One of the receivers, Ed James of Price Waterhouse, said they had no option but to make cuts. 'It is regretted that these redundancies have become inevitable but there is no work in the foreseeable future for those concerned.'
Soffia, based in France, has agreed a deal with the receivers that will enable it keep the yard's design team together and bid for further MoD and commercial shipbuilding contracts.
But the agreement needs clearance from the MoD, which has so far proved unwilling to provide work for the yard. Existing work for the remaining 630 workers runs out in November.
Yesterday the receivers warned that unless Soffia agreed to pick up Swan Hunter's large wage bill by the end of this month, 100 key design staff would have to be laid off, severely limiting the company's ability to tender for new work.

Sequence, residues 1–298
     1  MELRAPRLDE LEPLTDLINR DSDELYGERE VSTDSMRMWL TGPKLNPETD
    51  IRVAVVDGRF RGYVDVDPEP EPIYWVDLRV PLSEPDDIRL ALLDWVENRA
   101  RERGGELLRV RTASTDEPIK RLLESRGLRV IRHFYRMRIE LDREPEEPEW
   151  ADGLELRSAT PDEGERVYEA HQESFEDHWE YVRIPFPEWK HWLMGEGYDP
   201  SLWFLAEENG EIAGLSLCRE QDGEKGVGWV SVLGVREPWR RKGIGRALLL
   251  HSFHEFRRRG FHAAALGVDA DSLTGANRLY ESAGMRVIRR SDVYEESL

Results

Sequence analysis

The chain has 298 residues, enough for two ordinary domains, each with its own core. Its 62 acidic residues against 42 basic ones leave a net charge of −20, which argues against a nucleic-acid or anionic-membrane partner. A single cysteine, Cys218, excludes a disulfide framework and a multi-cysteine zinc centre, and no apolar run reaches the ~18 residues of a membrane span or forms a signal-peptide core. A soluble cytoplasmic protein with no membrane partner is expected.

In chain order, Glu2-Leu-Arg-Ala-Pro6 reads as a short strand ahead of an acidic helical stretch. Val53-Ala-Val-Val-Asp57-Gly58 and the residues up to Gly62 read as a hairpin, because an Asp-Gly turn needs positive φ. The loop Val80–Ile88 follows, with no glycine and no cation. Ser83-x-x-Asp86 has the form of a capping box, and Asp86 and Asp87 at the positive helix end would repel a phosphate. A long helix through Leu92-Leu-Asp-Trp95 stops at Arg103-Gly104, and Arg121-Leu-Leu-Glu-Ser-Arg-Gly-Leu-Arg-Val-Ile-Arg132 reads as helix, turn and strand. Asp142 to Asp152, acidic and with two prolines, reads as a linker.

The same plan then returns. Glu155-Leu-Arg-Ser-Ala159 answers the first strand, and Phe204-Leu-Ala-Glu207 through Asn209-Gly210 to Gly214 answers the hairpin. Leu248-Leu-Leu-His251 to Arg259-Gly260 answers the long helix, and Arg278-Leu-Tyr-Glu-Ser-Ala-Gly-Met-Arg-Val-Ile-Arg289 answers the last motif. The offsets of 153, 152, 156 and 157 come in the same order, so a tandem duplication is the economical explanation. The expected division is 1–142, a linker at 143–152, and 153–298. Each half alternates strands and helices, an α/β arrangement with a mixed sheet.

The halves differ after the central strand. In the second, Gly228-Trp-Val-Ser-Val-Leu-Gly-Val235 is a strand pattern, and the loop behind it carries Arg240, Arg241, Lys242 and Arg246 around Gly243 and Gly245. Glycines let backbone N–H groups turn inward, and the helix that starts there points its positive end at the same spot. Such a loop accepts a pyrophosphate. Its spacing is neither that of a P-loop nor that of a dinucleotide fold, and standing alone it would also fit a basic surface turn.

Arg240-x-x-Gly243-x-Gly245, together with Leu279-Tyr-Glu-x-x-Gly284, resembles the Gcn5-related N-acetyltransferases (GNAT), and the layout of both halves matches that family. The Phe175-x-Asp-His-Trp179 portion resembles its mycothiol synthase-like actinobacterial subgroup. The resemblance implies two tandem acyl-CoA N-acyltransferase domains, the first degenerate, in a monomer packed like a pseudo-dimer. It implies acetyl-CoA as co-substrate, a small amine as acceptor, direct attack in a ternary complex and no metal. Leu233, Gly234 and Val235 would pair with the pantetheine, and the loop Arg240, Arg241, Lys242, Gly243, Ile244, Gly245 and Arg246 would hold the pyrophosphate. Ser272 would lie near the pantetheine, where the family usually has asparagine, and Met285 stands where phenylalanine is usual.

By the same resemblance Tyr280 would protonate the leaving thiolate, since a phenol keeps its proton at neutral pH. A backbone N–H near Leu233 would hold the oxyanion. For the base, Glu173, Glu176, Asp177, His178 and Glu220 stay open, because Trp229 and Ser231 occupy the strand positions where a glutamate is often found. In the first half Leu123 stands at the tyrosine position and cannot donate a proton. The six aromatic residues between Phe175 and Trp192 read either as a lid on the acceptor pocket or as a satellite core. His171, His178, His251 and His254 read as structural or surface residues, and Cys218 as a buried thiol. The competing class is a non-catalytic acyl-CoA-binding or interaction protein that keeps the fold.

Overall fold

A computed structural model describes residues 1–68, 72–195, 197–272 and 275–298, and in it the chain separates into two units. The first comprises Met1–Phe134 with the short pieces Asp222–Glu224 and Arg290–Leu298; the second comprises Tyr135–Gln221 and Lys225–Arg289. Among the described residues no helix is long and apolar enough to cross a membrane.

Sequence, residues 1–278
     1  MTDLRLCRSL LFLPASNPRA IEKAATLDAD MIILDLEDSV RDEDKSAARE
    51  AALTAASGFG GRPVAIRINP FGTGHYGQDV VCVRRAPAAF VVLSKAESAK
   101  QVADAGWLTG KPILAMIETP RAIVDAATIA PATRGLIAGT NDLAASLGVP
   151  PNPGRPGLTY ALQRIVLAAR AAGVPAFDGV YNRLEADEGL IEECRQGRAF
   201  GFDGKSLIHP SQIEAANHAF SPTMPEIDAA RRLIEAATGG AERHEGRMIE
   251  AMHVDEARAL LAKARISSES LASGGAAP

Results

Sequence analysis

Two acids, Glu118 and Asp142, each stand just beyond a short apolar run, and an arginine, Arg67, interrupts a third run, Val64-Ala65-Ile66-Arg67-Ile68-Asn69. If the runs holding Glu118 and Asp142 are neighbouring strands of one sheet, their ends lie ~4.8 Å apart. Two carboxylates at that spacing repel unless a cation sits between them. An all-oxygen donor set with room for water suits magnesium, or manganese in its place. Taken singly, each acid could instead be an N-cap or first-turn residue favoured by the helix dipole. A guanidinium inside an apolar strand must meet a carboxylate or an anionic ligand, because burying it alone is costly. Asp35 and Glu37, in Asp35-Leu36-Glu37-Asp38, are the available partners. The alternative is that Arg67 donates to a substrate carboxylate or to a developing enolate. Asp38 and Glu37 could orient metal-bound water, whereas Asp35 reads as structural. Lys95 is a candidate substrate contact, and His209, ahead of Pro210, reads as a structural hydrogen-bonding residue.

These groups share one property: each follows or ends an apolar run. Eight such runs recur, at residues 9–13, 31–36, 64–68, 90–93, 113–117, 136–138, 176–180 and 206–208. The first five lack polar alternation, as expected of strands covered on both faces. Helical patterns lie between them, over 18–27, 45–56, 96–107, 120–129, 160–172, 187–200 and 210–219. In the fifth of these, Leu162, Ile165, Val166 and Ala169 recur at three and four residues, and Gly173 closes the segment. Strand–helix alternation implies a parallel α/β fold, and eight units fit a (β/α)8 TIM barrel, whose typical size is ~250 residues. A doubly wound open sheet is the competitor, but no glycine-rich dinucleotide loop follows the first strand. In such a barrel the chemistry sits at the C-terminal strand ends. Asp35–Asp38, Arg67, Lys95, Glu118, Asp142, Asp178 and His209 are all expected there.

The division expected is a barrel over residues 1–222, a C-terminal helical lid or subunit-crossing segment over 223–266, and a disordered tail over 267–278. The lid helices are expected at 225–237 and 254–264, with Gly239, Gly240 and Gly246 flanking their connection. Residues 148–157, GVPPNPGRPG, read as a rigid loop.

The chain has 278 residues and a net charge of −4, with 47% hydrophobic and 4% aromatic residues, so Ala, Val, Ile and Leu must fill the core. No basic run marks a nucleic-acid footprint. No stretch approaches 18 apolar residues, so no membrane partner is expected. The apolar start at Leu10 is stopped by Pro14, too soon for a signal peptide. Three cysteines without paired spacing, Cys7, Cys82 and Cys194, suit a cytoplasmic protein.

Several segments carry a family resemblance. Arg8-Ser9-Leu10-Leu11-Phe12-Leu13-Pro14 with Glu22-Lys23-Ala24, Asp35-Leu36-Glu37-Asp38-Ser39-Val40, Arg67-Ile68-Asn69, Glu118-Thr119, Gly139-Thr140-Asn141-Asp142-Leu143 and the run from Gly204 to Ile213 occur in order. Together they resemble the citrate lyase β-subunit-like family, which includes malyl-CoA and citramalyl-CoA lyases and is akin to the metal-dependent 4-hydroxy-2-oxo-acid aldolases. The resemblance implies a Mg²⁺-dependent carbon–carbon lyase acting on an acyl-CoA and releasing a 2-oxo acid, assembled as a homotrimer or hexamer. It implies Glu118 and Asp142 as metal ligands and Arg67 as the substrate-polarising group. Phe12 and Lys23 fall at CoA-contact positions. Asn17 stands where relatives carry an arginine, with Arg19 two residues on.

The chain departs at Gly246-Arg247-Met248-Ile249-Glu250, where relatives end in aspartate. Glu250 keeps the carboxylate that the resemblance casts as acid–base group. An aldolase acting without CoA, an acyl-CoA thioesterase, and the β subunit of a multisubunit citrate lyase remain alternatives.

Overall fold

If the Soffia rescue plan is approved, Swan Hunter will bid later this year for a pounds 50m contract to build an ocean survey vessel for the Royal Navy.
Yesterday's redundancies came as little surprise following the failure of the yard to clinch two crucial orders totalling around pounds 50m. Financial insecurity prevented Swan Hunter taking on a pounds 6m contract to refit the tanker Olwen earlier this month, and a vital pounds 40m order to refit the landing ship Sir Bedivere went to the Rosyth shipyard in Scotland last month.
Although the cuts had been expected, the senior union convenor at the yard, Dick Gonzalez, said the announcement came as a blow. 'The workforce are very down at the moment because every time we have a meeting like this with the receiver, it seems something drastic happens,' he said. 'Everything hinges on this government doing the right thing.'Reuse content